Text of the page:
‘Creed’ Review

Creed
Directed by Ryan Coogler
Written by Ryan Coogler and Aaron Covington
Starring: Sylvester Stallone, Michael B. Jordan, Tessa Thompson, Phylicia Rashad, and Tony Bellew
★★★★☆

Remember how in “Rocky V” Rocky takes over the Mickey role for Tommy Gun and the results, were, well “Rocky V.” If “Rocky V” was good, then you get “Creed.” “Creed” is the best Rocky movie since the original “Rocky” in 1976. For everything that the movie does well, there is one aspect where the film does come up short. “Creed” talks a lot about legacy and standing on your own outside of the legacy, at least on the meta level this works because the film does stand on its own outside of the Rocky series. The film does not explore this theme enough through the Adonis Creed character. Through Adonis, it feels like the film is exploring an embracing of a legacy rather than the creation of an independent legacy. Adonis follows in his father’s footsteps by going into the ring, eventually adopts his father’s surname, and wears the shorts Apollo wore in the first fight with Rocky. If anything the movie should have had Rocky seek out Adonis to try and get him to embrace his legacy, with Adonis resisting. Instead of having Adonis seeking out Rocky, but I guess they needed to bring the narrative back to Philadelphia somehow.

Thematic shortcomings aside, the rest of “Creed” was a well-crafted movie that is expertly directed by Ryan Coogler. “Creed” is only Coogler’s second feature film, with his first being 2013’s “Fruitvale Sation.” Coogler directs a film that is gritty and real. The boxing scenes in “Creed” are taut and exciting. The final fight between Creed and Conlan elicited both gasps and cheers from the audience. Coogler put you right there in the ring with the fighters, and there are moments in these fights (the last one especially) that evoke “Raging Bull.” Coogler also beautifully captures the city of Philadelphia. From the Eagles graffiti to the urban grit of the Frankford section, and even the use of the word jawn. Philadelphia is a character in the film in a way that it had not been since “Rocky.”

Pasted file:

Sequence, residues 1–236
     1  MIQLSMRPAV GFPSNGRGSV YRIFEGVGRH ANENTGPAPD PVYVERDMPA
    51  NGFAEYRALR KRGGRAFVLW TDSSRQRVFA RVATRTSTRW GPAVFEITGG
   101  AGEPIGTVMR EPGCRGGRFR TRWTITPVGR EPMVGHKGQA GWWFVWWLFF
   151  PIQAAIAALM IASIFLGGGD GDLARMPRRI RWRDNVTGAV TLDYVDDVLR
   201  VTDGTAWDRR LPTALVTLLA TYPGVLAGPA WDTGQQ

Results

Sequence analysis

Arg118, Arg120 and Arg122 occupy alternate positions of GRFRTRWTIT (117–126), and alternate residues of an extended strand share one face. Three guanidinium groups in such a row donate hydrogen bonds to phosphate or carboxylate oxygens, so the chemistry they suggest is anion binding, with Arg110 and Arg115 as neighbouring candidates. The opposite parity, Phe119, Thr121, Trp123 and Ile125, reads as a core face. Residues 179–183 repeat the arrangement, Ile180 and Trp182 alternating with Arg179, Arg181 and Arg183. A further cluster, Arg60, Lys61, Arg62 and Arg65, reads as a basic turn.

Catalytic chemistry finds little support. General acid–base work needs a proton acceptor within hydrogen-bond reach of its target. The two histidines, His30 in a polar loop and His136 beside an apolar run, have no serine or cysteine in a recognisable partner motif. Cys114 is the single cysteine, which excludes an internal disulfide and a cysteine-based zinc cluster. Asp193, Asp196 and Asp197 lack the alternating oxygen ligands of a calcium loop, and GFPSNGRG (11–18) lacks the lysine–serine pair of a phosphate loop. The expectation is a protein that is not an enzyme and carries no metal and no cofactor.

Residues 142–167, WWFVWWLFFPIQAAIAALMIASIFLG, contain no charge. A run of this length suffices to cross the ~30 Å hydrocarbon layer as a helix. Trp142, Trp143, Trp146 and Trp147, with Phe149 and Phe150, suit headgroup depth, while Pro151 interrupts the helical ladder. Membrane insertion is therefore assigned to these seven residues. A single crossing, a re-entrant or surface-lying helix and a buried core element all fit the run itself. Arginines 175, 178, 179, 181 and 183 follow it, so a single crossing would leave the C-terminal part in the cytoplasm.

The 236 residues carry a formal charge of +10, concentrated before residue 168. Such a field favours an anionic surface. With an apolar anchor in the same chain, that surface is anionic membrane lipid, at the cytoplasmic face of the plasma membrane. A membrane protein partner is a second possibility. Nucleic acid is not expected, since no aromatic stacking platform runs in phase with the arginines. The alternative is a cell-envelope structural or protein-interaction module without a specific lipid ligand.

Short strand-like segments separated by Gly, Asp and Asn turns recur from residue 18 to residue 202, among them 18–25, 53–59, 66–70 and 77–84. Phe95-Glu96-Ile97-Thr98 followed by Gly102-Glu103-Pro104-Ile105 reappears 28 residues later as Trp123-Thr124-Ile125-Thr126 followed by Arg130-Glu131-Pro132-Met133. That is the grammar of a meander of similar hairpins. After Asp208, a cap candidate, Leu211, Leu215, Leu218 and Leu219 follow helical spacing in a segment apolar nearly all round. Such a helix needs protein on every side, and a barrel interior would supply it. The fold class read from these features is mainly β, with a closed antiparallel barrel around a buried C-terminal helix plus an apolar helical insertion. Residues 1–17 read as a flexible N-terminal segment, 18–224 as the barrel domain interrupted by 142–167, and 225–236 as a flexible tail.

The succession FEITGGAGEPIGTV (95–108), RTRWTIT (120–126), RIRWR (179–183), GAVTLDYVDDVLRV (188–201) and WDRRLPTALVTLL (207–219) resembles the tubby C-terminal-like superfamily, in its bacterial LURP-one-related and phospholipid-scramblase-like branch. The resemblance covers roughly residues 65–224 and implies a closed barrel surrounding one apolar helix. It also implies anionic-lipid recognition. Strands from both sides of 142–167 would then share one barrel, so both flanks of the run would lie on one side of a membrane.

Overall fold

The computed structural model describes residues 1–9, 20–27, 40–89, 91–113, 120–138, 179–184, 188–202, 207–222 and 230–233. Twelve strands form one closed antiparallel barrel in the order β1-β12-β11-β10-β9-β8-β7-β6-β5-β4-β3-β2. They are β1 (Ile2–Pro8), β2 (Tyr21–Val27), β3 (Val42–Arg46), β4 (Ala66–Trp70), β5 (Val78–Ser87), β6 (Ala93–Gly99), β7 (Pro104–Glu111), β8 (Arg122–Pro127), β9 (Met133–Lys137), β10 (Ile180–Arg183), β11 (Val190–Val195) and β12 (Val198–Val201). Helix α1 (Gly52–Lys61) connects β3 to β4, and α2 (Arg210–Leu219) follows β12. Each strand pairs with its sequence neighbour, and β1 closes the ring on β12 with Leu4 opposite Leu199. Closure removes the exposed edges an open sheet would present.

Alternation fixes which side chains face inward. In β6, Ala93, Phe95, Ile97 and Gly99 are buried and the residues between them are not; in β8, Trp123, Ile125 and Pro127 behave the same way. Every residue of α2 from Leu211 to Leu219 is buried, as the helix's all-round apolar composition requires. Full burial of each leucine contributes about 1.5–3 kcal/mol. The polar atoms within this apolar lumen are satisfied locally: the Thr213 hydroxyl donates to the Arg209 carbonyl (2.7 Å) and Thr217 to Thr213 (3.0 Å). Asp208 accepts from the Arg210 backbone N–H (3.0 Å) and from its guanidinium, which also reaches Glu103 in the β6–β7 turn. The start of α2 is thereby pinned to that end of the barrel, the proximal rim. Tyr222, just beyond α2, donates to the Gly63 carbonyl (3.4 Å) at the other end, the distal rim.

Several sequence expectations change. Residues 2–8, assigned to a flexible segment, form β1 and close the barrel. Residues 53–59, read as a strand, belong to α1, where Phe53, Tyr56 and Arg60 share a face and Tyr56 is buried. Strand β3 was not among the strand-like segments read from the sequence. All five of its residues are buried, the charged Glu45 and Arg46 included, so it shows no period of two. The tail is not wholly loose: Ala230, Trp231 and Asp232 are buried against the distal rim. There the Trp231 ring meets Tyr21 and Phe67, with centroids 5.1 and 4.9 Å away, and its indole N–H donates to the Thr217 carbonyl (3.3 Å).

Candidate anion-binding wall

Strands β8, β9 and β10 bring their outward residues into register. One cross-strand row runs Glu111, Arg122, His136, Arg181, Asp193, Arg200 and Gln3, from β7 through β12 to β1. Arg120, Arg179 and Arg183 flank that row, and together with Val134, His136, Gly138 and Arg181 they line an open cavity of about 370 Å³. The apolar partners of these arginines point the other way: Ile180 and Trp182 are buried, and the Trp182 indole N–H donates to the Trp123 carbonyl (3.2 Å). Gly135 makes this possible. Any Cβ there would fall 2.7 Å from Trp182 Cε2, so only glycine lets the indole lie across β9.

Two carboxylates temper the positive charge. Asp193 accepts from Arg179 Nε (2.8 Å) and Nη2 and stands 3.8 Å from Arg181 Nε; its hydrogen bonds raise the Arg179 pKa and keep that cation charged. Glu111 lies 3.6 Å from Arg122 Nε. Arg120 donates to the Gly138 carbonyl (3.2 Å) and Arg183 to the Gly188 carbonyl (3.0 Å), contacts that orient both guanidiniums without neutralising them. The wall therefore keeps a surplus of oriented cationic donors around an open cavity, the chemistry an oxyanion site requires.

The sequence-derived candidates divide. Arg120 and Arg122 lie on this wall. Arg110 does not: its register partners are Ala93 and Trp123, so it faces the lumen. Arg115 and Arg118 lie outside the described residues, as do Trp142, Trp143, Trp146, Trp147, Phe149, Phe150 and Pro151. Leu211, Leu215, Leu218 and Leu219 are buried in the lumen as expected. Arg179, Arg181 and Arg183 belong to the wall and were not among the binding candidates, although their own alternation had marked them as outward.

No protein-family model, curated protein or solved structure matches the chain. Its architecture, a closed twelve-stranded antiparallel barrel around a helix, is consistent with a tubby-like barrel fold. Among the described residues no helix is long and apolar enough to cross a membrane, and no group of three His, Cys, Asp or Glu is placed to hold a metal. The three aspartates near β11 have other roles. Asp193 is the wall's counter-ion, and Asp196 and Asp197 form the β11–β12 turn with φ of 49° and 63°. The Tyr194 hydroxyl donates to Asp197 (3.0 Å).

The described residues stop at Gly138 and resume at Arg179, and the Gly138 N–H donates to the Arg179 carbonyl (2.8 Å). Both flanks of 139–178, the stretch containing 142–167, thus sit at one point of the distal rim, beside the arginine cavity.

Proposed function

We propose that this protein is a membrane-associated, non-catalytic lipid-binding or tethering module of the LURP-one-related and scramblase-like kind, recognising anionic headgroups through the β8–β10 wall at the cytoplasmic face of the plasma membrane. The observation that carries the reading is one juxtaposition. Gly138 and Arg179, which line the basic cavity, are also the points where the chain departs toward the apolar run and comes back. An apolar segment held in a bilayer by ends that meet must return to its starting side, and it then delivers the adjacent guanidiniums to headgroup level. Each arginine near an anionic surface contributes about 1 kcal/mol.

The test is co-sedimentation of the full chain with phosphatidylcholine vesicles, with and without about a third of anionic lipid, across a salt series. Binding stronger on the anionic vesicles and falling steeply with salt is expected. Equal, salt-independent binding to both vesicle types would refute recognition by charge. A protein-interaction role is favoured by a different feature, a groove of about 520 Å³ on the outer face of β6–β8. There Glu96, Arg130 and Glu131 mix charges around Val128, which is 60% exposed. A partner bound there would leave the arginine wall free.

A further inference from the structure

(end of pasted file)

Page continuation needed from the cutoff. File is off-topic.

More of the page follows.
Where “Creed” really excels is in the performances of Michael B. Jordan, who had starred in Coogler’s previous film “Fruitvale Station,” and Sylvester Stallone. Thanks to this film Jordan escapes that “Fantastic Four” episode unscathed because his phenomenal performance in “Creed” will bury his involvement in “Fantastic Four.” As for Stallone, I am pretty sure this next statement will bring about the apocalypse, so I apologize in advance for that. Prepare to wrap your mind around the fact that when it comes to Oscar time you may see the words Academy Award nominee Sylvester Stallone. At this point, we all know that Stallone was never going to be an Oscar-level actor, but Coogler directs him to that caliber of performance.

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